Case Study: Green Buildings and Content at Glasgow Film

26th July 2016

Case Study: Green Buildings and Content at Glasgow Film

Independent cinema organisation Glasgow Film have long been committed to improving their impact on their environment, and they are currently working on affecting multiple different areas of their operations!

A sustainable building

Operating in a building built in 1939 (and B listed) Glasgow Film have been making environmental improvements for some time. A primary capital development project saw the beginning of the roll out of LED lighting (now extended to office spaces too): an investment which leads to significant reduction in carbon-intensive energy consumption (as less energy is lost through the heat expended by a traditional bulb) and cost over time (as LEDs have a longer life span).

With a second phase of refurbishment now underway, and with a focus on accessibility, the cinema has been working hard to green the redevelopment process itself: gifting all reusable furniture within the building to either staff internally or to a local charity in support of Glasgow Homelessness, and ensuring these items were not passed as waste for recycling/landfill.

Focus on waste

Glasgow Film has also had a strong concentration on waste, monitoring waste uplifts by recording each uplift and checking bin levels each day to ensure accuracy in their collection needs. They chose their contractor (William Tracey) for their ability to provide accurate measurements and reporting, and for their effective waste segregation and processing (almost all general waste is used for Refuse Derived Fuel, and thus less than 3% of the cinema’s waste is actually sent to landfill).

Caroline, Glasgow Film’s Green Champion, told us:

“We reached an on-site recycling rate of 71% in September 2015 but our annual average on-site recycling rate for 15/16 was 64%”  (by comparison, the Scottish Government building is achieving a 60% recycling rate)

But they’ve also found that engaging staff members more fully in the waste process has improved how they operate:

“Our lovely ushers are volunteers, and they receive a very thorough induction course which also covers waste and energy.  Our ushers collect the waste from customers as they leave the cinema which allows for verbal confirmation of what can/can’t be recycled.”

Sustainable catering equipment is also a high priority, with all takeaway cups, lids and unbleached napkins supplied by low-carbon Edinburgh-based compostables company Vegware. The cups for cold beverages are made of plant-based PLA (81% less embodied carbon than plastic), and takeaway coffee cups made from high heat plant-based PLA  (67% less embodied carbon than plastic).

Using technology for better recording and reduction

Their second redevelopment phase also has a technology component:

  • New energy monitors will be added each of the new and existing electrical distribution boards during 2016/17 to allow accurate data gathering on where electricity is being used, and reduction strategies accordingly.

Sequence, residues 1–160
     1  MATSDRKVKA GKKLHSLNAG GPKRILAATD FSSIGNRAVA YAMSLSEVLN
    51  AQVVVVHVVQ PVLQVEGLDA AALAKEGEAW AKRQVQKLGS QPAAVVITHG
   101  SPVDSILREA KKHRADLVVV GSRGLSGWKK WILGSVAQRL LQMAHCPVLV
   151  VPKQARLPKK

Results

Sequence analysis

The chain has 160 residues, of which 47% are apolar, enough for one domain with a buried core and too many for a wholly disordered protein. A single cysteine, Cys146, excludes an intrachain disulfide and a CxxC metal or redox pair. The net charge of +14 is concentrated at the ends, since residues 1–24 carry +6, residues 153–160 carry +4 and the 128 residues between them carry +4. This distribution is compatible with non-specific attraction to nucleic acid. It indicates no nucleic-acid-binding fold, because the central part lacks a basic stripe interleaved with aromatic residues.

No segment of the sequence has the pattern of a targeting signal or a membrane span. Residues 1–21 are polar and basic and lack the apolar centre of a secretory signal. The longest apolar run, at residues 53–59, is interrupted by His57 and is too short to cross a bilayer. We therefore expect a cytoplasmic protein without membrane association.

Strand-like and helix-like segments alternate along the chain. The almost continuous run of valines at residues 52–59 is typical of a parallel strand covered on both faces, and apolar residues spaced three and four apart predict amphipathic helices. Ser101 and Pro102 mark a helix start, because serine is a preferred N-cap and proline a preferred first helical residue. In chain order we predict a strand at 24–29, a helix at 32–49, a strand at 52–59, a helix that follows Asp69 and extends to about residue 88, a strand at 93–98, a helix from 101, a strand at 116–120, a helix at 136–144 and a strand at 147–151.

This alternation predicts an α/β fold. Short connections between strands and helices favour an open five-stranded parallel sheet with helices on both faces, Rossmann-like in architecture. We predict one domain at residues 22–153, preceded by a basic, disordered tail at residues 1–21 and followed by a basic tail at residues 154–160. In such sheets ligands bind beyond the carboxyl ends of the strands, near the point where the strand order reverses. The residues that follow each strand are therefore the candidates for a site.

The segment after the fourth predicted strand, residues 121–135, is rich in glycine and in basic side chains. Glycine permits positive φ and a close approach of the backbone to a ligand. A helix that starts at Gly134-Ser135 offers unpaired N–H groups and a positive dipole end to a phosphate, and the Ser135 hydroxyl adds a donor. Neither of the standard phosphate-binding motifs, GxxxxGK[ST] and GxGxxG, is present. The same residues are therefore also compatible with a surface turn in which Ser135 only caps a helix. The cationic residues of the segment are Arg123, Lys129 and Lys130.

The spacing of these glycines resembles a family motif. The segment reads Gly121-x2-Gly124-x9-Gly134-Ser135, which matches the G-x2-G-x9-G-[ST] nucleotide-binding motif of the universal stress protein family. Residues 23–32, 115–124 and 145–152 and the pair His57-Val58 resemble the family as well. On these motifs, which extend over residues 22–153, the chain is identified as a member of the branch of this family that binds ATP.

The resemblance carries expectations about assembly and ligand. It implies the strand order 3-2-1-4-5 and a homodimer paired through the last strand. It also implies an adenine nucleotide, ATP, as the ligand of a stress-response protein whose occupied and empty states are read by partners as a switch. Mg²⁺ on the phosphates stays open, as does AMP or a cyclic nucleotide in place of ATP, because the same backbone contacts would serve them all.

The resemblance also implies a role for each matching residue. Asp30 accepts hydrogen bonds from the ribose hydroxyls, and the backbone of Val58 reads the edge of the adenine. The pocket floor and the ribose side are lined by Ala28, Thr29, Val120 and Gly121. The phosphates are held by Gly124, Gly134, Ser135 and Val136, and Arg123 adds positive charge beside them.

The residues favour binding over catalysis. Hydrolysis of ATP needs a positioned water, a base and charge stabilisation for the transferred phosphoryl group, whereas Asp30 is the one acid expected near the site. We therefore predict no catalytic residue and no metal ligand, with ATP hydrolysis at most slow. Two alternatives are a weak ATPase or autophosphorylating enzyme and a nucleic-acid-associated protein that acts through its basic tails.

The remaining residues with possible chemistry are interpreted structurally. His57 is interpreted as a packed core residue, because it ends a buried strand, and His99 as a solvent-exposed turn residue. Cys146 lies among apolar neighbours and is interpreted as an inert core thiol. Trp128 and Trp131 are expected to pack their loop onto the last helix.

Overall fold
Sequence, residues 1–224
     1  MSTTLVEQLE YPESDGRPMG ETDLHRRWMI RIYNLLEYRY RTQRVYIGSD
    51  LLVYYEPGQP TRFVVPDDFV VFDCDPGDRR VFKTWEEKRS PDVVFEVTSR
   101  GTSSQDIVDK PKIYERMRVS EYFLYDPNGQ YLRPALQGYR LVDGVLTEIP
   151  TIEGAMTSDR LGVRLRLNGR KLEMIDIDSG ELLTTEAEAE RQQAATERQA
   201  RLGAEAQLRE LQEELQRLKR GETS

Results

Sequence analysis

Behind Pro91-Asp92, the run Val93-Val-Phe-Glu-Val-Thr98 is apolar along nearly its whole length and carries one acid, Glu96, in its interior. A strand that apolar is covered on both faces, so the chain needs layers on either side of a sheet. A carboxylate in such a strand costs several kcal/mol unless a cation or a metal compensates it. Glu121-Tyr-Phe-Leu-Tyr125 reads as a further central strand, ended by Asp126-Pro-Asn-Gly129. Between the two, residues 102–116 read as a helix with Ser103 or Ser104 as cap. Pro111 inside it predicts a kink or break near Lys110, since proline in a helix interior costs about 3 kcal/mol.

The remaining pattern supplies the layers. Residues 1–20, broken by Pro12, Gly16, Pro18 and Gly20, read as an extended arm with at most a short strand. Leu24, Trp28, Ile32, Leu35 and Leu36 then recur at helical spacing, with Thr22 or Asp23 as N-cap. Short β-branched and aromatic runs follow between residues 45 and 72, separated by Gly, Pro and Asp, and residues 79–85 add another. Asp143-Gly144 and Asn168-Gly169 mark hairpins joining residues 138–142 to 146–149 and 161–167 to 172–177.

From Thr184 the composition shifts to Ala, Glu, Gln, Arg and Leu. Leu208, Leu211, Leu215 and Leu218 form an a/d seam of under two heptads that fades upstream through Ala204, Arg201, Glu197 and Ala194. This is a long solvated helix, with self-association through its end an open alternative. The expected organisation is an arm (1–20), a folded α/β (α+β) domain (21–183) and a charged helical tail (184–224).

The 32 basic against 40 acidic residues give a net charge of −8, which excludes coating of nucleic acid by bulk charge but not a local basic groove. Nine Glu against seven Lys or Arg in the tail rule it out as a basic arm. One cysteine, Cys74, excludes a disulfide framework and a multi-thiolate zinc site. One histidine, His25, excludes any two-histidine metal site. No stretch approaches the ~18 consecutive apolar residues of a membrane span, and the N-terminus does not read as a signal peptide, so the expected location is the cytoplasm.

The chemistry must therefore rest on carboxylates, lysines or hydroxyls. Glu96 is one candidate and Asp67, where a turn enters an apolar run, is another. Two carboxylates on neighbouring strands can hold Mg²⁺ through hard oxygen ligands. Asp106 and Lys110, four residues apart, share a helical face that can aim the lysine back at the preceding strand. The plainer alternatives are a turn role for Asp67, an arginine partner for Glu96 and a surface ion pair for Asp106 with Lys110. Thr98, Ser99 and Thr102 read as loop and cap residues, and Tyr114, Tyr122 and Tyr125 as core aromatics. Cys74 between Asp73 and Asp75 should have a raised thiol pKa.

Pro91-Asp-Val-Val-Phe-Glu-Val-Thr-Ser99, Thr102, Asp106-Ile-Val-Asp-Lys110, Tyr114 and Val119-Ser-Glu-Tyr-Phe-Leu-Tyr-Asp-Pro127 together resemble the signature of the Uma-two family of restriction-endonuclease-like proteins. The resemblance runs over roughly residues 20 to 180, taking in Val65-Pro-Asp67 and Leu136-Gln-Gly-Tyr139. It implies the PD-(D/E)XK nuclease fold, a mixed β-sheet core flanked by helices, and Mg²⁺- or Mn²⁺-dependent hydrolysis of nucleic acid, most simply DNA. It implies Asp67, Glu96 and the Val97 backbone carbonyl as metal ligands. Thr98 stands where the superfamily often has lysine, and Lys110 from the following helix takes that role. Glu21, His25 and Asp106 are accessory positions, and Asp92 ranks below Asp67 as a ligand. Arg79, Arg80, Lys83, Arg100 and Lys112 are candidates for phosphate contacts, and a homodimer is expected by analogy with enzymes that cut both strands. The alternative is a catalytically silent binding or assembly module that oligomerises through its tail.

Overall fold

• Temperature and CO2 monitors will be added in various locations to allow the organisation to track heating gains, which should help to inform future decisions about heating/chilling upgrades.
  • New taps and flushes will replace percussion taps and single flush toilets to save water, and new cleaning products are being investigated to try and further reduce waster use.

Glasgow Film have also been trialing Creative Carbon Scotland’s online tool, rolling it out to staff in 2016 to help form, report and minimise a footprint of all travel-related emissions. They now promote this travel policy:

  • When travelling on office business, method of travel is chosen on the basis of cost effectiveness and environmental impact.
  • For journeys within Glasgow we encourage all staff to use a bicycle, walk or take public transport whenever time allows rather than taxis. Some preplanning should help keep use of taxis to a minimum.
  • For journeys within the UK, train should always be chosen over air travel.
  • For international flights, non-stop flights are preferred to multiple short-haul stops.
  • Only if it is the most sustainable option should a car be used on Glasgow Film business.
  • We will work towards increased use of video-conferencing where appropriate, and towards setting firmer limits of when travel is required, over the next few years.

The Green Film Festival

Another way that GFT have been exploring the role the arts can take in environmental sustainability has been through their programming content. Over May 2016, they took part in the Green Film Festival, showcasing a range of films including Nausicaa of the Valley of the Wind, The Messenger, and Just Eat It, a documentary focused on food waste:

Just Eat It – A food waste story (Official Trailer) from Grant Baldwin on Vimeo.

In a great example of arts and sustainability collaboration, Mark Wells, Head of Strategic Comms at SEPA was guest speaker for the Just Eat It: A Food Waste Story.  He introduced the film and thereafter hosted a Skype Q&A with cast member Jenny Rustemeyer as the Festival’s closing screening.

A work-in-progress

But the good work doesn’t stop there! Glasgow Film is keen to highlight that there’s still more to develop, and to improve:

“Our aim is to grow this festival each year and hopefully partner other local businesses who share our sustainable beliefs…we are not at final stages yet –as you can see we still have a lot to do!”

Glasgow Film is part of our Green Arts Initiative: an interactive community of Scottish arts organisations working to reduce their environmental impact. Images from GFT.

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